Is T&T Above World Economic Crisis?
September 16, 2008
EDITOR: I sometimes wonder if my information sources of media, internet etc. are defective. My information suggests that most of the developed economies in the world are in deep crisis, major US corporations e.g. Bears and Sterns, Fannie Mae and Freddie Mac, Lehman Bros. etc had to be bailed out by the Federal Authorities. (They are baulking at bailing out Lehman Bros.). The housing market is at its lowest point in decades and unemployment is at its highest in many years. The UK and Canada are awaiting statistical confirmation that their economies are in recession but their populations know full well. Indeed in the UK the prediction is that thousands will have to choose between food and heat in their upcoming winter. India's stock market plunged some forty (40%) percent within recent months, Japan has had its economic output decline in its latest review. From what I gather, most of the strong economies from the developed world and the robust new emerging ones are either in crisis or have drastically cut back their growth projections and have taken decisive measures that they hope will deal with this new reality that is sweeping this globalised world.
Somehow in Trinidad and Tobago it is business as usual as the authorities seem to have unflinching faith in our tiny, open, mono-crop economy, notwithstanding the fact that our cash crop has declined by over twenty-five percent (25%) within recent weeks. Our Prime Minister persists with his penchant for private jet travel, whizzing around the Caribbean delivering mail to unwilling integration coalition "partners"; his palatial residence and diplomatic centre have racked up $175 million and counting; he is actively seeking workers from El Salvador to supplement the shortage in the country.
He is focused on the success of the two international conferences scheduled for next year and hundreds of millions of dollars are being spent building and renovating hotels for our foreign guests. Meanwhile UTT, Udecott and Eteck seem to be runaway horses engaging in a feeding frenzy reminiscent of the one at the airport. The construction of the Brian Lara stadium bears no resemblance to the efficiency with which batsman performed; the Scarborough Hospital will probably cost three times its original estimate by the time of its completion. We are talking about billions for the Rapid Rail Project and how many ever desalination plants, all premised upon the fallacy of never-ending Government surpluses. Additionally, the Government is increasing its borrowing limits, mortgaging our future generations once again so that this madness can continue.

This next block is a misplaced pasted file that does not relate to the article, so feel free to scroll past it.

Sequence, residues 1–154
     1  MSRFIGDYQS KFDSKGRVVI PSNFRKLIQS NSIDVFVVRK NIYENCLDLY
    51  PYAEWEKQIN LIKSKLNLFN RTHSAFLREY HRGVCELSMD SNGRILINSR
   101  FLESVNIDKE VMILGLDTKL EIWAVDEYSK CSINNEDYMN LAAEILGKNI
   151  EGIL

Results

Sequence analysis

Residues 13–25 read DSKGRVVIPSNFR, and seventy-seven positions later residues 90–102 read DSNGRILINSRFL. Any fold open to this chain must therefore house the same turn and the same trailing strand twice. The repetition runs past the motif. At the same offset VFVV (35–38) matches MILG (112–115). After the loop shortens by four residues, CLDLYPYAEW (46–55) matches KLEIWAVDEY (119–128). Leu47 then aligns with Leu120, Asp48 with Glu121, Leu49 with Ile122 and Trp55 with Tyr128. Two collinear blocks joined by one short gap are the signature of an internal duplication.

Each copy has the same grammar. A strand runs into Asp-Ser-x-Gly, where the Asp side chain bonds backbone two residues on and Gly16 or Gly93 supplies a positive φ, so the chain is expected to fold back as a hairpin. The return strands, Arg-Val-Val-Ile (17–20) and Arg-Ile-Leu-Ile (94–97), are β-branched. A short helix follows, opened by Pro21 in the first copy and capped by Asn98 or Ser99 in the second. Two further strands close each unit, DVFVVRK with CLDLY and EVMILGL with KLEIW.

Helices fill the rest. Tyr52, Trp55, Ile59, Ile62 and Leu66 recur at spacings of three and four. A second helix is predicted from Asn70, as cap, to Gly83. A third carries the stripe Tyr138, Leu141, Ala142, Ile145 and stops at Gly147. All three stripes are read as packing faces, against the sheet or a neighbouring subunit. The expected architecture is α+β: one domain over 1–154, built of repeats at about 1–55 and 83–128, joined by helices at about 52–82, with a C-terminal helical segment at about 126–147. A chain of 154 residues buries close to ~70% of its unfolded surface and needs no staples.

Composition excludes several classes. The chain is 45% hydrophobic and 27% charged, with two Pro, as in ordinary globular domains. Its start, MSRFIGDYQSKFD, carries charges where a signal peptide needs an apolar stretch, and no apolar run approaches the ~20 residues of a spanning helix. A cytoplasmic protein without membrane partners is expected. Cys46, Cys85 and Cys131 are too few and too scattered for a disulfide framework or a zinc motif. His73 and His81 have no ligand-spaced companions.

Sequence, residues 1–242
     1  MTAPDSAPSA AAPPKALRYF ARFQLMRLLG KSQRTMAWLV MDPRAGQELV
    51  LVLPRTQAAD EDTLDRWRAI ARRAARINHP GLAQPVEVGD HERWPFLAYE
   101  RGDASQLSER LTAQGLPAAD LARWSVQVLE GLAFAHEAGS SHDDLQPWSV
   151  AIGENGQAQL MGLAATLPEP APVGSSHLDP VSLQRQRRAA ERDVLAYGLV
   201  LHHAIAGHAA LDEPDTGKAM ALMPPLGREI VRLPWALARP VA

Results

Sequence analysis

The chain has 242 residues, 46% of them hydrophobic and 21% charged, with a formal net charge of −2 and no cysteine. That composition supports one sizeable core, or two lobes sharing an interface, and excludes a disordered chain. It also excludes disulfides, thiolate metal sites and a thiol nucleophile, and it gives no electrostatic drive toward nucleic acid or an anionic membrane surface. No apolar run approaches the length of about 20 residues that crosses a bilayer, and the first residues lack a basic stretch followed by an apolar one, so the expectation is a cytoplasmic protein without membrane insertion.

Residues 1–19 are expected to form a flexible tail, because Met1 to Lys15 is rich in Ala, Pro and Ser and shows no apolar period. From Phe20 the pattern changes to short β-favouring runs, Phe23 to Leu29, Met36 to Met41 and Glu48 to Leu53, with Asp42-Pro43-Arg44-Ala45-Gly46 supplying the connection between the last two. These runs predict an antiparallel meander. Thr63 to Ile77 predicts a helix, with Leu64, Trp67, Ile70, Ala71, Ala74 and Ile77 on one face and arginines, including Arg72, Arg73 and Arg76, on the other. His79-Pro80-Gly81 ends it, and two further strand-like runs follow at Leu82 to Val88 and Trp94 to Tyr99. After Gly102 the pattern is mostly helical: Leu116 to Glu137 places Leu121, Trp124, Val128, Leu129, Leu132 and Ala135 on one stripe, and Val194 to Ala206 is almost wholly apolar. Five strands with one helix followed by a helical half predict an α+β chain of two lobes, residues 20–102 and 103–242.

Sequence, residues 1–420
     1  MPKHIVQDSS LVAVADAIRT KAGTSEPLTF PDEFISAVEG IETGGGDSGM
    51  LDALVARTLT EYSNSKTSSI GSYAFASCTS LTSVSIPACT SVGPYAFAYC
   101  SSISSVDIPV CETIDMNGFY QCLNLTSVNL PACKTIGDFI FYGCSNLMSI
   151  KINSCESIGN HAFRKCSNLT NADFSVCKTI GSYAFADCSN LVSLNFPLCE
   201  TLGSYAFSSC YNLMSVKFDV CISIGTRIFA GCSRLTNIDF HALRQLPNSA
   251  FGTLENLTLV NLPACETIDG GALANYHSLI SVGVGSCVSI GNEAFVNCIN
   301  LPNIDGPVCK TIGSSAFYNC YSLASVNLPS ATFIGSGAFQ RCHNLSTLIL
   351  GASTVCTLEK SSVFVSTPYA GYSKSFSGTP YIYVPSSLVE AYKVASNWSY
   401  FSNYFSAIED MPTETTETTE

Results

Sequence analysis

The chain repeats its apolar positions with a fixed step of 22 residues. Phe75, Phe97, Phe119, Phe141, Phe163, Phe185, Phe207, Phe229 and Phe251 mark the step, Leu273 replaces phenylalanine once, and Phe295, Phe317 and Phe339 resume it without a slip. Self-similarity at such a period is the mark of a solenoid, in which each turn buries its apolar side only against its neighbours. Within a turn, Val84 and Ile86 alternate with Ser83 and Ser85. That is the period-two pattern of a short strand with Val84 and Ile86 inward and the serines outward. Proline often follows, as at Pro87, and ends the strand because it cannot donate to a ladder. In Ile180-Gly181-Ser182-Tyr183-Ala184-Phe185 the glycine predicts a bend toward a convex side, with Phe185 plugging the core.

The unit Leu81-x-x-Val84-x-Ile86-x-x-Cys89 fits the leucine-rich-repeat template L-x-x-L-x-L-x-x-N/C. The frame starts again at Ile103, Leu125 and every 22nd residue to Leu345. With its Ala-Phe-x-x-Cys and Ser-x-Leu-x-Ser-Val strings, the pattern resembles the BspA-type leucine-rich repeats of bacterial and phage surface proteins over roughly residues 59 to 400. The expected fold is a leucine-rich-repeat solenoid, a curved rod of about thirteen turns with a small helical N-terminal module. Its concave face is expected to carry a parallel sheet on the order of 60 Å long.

Nowhere within officialdom does it seem that anyone is taking notice of the fact that the country should be under hurricane warning of an economic storm with gale force winds of category five intensity. How do we expect that T&T can escape unscathed in a global meltdown? Is our economic outlook also predicated on the local myth that God is a Trinbagonian? Are we going to raid the little pittance which has been belatedly set aside for the unborn owners of this God-given wealth? This will be particularly immoral given the hugely disproportionate piece of the pie this generation has consumed.
Do we dare hope that this situation is seriously addressed in the upcoming budget and the Government takes the leadership role and immediately stops this wild spending spree? That serious "when will" analyses (not "what if") be done on drastic reductions in Government's revenue and implement whatever pre-emptive measures that can be taken now, even at this late stage. I also hope that there is no capitulation to the strike waged by the upstream producers of oil and gas. All of the major transnational oil companies have recorded super profits from the high oil prices within recent years, yet they are insisting on tax concessions before they invest in their own business. Whatever happened to risk and re-investment of profits? There should be a windfall tax imposed instead of a tax break.
Sylvan N. Wilson
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